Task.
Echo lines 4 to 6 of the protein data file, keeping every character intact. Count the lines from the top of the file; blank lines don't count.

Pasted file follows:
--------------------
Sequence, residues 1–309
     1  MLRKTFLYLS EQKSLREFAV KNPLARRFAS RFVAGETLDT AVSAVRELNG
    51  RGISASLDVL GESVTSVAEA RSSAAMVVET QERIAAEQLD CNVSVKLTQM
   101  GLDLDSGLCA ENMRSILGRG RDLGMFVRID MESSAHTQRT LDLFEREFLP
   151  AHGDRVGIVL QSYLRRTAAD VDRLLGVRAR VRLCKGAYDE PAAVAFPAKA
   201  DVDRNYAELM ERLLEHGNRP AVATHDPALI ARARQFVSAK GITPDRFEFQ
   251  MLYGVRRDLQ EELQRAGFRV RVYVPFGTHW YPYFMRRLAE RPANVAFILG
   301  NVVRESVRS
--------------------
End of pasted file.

   101  GLDLDSGLCA ENMRSILGRG RDLGMFVRID MESSAHTQRT LDLFEREFLP
   151  AHGDRVGIVL QSYLRRTAAD VDRLLGVRAR VRLCKGAYDE PAAVAFPAKA
   201  DVDRNYAELM ERLLEHGNRP AVATHDPALI ARARQFVSAK GITPDRFEFQ